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Ranking the 5 Lackluster College Football National Champions of All Time

By Dan Vasta in College Football
| January 6, 2022 10:55 am PDT

There have been several struggling national champions over the years in college football. To these teams, winning is all that matters.

Winning ugly is sometimes more enjoyable due to stealing games from the better teams on paper. The resume and ability to escape has put some title teams on the bottom of rankings.

Here are your top five worst college football national champions of all time.

5. Georgia Tech – 1990

The 1990 season was an unusual year in college football. There was plenty of chaos but look at the preseason Top 5 and where Georgia Tech started in the AP Poll.

  • No. 1 Miami
  • No. 2 Notre Dame
  • No. 3 Auburn
  • No. 4 Florida State
  • No. 5 Colorado
  •  Georgia Tech: Unranked

The Yellow Jackets were coming off a 7-4 season without a trip to the postseason. Before Bobby Ross coached in the NFL for the Chargers and Lions, he was with the Yellow Jackets. Entering the 1990 season, Ross was in his fourth season.

Ralph Friedgen was the offensive coordinator, but this team lacked the star-studded players needed to win a national championship. They proved the doubters wrong, but they certainly had a few close calls.

Among the games that came down to the wire, we saw five nearly get away from the Yellow Jackets.

Ironically, the AP Poll ended up having Colorado as the national champion despite starting their season at 1-1-1. The Buffaloes couldn’t knock off a Top 25 team but continued to move up the polls.

Georgia Tech was given the UPI national championship by one vote over Colorado. Prior to the BCS era in 1999-99, the national title was subjective and never a sure thing.

The Coaches Poll awarded the Jackets their first national title since 1952. They were the lone unbeaten team, but the schedule was a soft one in the ACC. Virginia and Clemson were solid Top 20 squads, but there were a handful of cake walks.

Look at how the program finished their next few seasons. Ross would shortly leave for the NFL two years after winning it all in 1991.

  • 1991: Preseason No. 8 team finished 8-5 and finished unranked
  • 1992: Preseason No. 23 finished 5-6 under Bill Lewis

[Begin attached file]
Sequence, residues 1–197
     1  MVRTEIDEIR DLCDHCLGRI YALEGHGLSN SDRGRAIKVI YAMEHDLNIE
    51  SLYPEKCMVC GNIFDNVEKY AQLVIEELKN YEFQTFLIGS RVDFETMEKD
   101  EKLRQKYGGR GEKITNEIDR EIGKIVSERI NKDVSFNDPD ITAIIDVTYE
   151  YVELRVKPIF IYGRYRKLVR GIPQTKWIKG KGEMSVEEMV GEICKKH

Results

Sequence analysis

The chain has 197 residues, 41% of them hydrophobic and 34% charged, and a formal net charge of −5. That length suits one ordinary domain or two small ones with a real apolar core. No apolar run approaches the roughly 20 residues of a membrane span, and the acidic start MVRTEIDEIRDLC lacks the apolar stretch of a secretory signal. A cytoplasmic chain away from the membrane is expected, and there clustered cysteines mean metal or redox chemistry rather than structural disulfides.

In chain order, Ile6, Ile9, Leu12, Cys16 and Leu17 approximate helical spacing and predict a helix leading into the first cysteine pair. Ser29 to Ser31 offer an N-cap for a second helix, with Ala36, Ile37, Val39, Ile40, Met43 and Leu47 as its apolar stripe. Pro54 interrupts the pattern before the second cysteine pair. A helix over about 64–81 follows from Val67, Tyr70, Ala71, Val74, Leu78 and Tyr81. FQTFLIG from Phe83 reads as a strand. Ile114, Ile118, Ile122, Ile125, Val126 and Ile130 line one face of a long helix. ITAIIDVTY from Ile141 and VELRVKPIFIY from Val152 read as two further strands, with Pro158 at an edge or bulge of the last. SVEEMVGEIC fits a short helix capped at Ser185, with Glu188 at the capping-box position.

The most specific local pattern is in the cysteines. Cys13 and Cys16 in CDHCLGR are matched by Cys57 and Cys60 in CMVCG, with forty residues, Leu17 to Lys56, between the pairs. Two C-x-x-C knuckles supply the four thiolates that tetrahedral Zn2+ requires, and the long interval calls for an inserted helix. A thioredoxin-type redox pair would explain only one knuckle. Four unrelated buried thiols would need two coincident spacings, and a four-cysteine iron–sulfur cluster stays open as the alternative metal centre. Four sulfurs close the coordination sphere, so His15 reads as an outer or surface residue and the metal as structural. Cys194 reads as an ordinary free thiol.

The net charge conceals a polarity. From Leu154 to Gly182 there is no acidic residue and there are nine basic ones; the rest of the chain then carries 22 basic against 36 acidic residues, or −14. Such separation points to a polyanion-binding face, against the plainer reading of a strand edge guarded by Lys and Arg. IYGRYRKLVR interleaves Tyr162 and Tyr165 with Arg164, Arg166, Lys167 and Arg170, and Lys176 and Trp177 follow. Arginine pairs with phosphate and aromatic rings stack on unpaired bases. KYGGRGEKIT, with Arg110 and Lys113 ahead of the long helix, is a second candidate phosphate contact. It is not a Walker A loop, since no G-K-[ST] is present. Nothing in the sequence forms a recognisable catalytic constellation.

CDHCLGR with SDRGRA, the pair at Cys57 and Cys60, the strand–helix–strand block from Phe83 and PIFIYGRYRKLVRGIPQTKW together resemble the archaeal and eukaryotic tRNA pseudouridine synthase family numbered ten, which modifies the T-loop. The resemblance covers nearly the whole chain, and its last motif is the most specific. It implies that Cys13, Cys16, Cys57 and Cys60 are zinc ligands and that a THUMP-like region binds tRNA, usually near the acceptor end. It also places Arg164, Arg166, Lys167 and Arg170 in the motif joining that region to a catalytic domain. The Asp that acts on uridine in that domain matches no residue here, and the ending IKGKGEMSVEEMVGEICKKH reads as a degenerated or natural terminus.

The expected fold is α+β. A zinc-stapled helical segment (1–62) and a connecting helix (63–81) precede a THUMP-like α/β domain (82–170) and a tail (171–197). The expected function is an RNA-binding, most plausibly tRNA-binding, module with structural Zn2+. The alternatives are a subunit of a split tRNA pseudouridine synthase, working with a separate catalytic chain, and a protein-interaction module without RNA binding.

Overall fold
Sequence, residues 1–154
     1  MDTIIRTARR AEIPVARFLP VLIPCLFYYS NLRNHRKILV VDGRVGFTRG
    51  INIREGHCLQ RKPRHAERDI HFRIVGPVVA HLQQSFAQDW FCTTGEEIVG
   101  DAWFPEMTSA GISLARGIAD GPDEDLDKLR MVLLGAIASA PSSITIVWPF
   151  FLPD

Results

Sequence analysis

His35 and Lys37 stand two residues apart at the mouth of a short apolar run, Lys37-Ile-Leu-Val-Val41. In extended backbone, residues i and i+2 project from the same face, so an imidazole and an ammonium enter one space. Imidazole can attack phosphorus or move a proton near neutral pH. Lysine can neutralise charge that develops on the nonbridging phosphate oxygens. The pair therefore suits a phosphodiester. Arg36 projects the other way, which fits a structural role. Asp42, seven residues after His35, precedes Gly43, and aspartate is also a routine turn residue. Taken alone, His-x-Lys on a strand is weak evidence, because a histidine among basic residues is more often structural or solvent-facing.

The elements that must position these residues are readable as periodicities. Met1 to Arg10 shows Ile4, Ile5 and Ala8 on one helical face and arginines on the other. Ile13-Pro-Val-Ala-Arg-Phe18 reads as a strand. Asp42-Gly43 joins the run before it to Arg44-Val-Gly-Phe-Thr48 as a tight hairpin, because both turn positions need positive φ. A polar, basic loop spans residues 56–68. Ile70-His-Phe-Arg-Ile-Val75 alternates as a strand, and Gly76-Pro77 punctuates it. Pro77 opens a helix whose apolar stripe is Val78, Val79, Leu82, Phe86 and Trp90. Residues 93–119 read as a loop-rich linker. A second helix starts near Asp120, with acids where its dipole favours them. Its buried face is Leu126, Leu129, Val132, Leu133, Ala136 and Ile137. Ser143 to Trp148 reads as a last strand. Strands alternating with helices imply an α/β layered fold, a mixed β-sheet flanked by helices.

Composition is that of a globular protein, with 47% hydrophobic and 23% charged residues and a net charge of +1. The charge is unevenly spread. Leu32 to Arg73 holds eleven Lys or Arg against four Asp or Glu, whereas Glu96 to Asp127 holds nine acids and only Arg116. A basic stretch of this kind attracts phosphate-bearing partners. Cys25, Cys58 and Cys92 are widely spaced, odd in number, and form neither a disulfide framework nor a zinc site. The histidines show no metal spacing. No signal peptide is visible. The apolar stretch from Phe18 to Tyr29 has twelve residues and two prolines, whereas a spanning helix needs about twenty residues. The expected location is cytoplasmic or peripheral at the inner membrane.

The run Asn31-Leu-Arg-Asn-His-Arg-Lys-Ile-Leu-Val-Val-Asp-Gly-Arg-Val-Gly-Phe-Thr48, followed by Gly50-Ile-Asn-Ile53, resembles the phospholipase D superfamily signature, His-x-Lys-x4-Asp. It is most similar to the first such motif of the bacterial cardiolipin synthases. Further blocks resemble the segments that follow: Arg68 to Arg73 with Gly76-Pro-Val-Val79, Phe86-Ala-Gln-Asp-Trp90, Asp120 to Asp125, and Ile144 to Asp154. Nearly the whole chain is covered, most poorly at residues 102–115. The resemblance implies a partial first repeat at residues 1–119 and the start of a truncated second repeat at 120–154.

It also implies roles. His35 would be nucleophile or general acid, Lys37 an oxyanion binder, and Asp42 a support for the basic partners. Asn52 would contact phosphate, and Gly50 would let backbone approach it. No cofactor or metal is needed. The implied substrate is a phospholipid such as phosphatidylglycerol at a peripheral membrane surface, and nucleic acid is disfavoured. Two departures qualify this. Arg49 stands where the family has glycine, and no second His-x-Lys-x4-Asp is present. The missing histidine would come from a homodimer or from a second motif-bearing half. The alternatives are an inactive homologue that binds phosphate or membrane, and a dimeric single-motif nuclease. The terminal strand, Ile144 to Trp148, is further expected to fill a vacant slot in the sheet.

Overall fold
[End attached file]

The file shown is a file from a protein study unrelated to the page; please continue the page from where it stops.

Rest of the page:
• 1993: Preseason unranked finished 5-6
  • 1994: Preseason unranked finished 1-10

They had a few impressive wins over Nebraska, Clemson, and top-ranked Virginia. The rest of the schedule was lacking. Even the Cornhuskers were not impressive, barely ranking in the Top 25 after losing three of their final four games.

Praying your conference has at least a few ranked teams and challenging yourself in the non-conference is pivotal. Georgia Tech was lacking and starts off the list.

4. Alabama – 2011

The Crimson Tide entered their showdown against top-ranked LSU at 8-0 with a number two ranking. They were in Tuscaloosa and were expected to come away with a 4.5-point victory per the experts in the desert.

The Game of the Century turned out to be a paint dry matchup that lacked touchdowns. There were zero scores, and the game went to overtime at six a piece.

After McCarron was sacked on third and long, the team was forced to kick a long field-goal. Plus, Richardson dropped a perfectly thrown over the shoulder pass from McCarron.

Alabama was in trouble and LSU had running back Michael Ford run the ball inside the LSU 10-yard line. He nearly scored but stepped out of bounds by an inch on the white chalk. The key was a chip-shot kick in overtime to have the Bayou Bengals prevailing, 9-6.

Alabama dropped two spots to fourth, but they didn’t even win their own division. LSU thumped their next four opponents, but the rest of the college football landscape was hectic down the stretch of the 2011 season.

Oklahoma State was a perfect 10-0 heading into Ames against a hapless 5-4 Iowa State squad that wasn’t close to being a Top 25 squad. Losing in overtime dropped the Pokes down a few spots and moved Alabama back to second in the BCS Standings.

Everything worked in favor of Alabama since the Big Ten and Pac-12 were non-existent that season. Oregon kept hacking up November critical losses that prevented them from being considered a title contender.

Michigan, Michigan State, Wisconsin, and the rest of the conference all had two-plus losses. It was a beautiful disaster for Alabama. The Crimson Tide hardly struggled against any of their teams outside of LSU, but the conference was down that year.

Notable Wins At No.23 PSU No. 14 ARK At No. 1 UF At No. 24 AUB
Final Record/Rank 9-4, unranked 11-2, No. 5 7-6, unranked 8-5, unranked

Other than dominating the Razorbacks in September in Tuscaloosa, the schedule was soft. Many will argue this Tide team would have missed a College Football Playoff in an average year where there are one-loss or undefeated conference champions. The schedule needed more landmines.

While they have no control over how poor their conference schedule is on paper, the team had a mediocre resume and lost at home to LSU in a game where they were lackluster on offense.

Fortunately, the scheduling gods and BCS voters gave the Tide a second shot with LSU.  The game was a snooze fest, but they made the most of it and cracked the top 5 for worst champions.

3. Colorado – 1990

Let’s just say 1990 was nuts. The scheduling gods were on their side, but Colorado started their season at 1-1-1. Talk about mediocrity, the Buffs failed miserably at knocking off a Top 25 squad in September.

They bounced back by knocking off a pair of ranked teams. Texas and Washington ended up having special seasons, which helped Colorado’s chances. The voters rewarded Ralphie for the losses/ties.

Also, do we need to look at the fifth down discussion against Missouri? Another loss would have dropped them outside the Top 10 potentially.

Close Calls At No.22 Texas No. 12 Washington At Missouri At No. 5 Notre Dame
Victories 29-22 20-14 33-31 10-9 (Orange Bowl)